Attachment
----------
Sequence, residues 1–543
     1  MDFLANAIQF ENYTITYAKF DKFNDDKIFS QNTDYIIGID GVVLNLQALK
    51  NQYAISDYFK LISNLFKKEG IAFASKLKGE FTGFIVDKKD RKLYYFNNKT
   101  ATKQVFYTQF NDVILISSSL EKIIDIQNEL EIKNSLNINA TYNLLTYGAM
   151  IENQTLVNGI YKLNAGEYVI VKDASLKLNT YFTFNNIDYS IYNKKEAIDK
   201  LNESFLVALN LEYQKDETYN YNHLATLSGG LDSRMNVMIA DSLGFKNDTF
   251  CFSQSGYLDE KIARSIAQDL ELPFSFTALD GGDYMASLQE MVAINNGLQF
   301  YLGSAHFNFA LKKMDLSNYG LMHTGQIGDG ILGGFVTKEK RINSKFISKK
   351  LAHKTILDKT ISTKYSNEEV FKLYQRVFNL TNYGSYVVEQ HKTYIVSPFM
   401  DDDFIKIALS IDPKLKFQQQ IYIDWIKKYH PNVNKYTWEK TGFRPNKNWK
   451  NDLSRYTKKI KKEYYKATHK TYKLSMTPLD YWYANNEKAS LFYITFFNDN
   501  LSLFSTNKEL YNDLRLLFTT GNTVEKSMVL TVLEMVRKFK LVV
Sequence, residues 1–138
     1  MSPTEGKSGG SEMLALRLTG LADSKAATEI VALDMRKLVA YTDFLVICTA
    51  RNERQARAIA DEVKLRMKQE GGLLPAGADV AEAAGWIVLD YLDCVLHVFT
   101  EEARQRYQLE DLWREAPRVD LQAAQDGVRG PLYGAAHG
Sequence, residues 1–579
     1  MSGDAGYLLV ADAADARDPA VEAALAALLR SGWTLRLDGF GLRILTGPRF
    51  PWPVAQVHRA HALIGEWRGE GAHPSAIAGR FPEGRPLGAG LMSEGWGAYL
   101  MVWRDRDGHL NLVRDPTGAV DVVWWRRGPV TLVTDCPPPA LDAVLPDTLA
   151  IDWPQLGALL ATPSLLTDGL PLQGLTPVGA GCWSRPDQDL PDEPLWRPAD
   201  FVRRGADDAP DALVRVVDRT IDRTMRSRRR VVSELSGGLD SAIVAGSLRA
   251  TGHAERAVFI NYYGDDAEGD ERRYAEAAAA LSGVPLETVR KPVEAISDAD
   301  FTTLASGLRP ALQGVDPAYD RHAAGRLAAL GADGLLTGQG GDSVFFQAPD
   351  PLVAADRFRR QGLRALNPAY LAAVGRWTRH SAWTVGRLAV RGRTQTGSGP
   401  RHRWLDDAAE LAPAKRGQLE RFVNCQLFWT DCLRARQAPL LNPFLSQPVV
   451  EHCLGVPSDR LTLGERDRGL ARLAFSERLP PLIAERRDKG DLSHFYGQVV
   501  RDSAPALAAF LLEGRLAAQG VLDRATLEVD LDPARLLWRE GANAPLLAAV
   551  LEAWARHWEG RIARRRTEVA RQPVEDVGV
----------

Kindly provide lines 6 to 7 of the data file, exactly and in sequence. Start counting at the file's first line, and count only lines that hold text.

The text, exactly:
   201  LNESFLVALN LEYQKDETYN YNHLATLSGG LDSRMNVMIA DSLGFKNDTF
   251  CFSQSGYLDE KIARSIAQDL ELPFSFTALD GGDYMASLQE MVAINNGLQF